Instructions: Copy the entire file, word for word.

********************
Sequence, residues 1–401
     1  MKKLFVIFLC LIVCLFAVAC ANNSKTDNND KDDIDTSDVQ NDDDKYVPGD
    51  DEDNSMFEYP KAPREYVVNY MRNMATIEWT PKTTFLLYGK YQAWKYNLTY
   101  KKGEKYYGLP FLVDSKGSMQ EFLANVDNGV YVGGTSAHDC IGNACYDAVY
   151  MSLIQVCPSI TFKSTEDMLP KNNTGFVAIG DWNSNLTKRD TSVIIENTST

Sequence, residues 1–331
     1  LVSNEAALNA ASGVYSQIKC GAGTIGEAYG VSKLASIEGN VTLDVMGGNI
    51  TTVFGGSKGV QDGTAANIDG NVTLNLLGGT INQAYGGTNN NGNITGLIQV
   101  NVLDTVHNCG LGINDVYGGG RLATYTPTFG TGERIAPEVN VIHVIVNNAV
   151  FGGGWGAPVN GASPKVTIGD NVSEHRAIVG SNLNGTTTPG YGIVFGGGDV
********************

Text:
Sequence, residues 1–401
     1  MKKLFVIFLC LIVCLFAVAC ANNSKTDNND KDDIDTSDVQ NDDDKYVPGD
    51  DEDNSMFEYP KAPREYVVNY MRNMATIEWT PKTTFLLYGK YQAWKYNLTY
   101  KKGEKYYGLP FLVDSKGSMQ EFLANVDNGV YVGGTSAHDC IGNACYDAVY
   151  MSLIQVCPSI TFKSTEDMLP KNNTGFVAIG DWNSNLTKRD TSVIIENTST

Sequence, residues 1–331
     1  LVSNEAALNA ASGVYSQIKC GAGTIGEAYG VSKLASIEGN VTLDVMGGNI
    51  TTVFGGSKGV QDGTAANIDG NVTLNLLGGT INQAYGGTNN NGNITGLIQV
   101  NVLDTVHNCG LGINDVYGGG RLATYTPTFG TGERIAPEVN VIHVIVNNAV
   151  FGGGWGAPVN GASPKVTIGD NVSEHRAIVG SNLNGTTTPG YGIVFGGGDV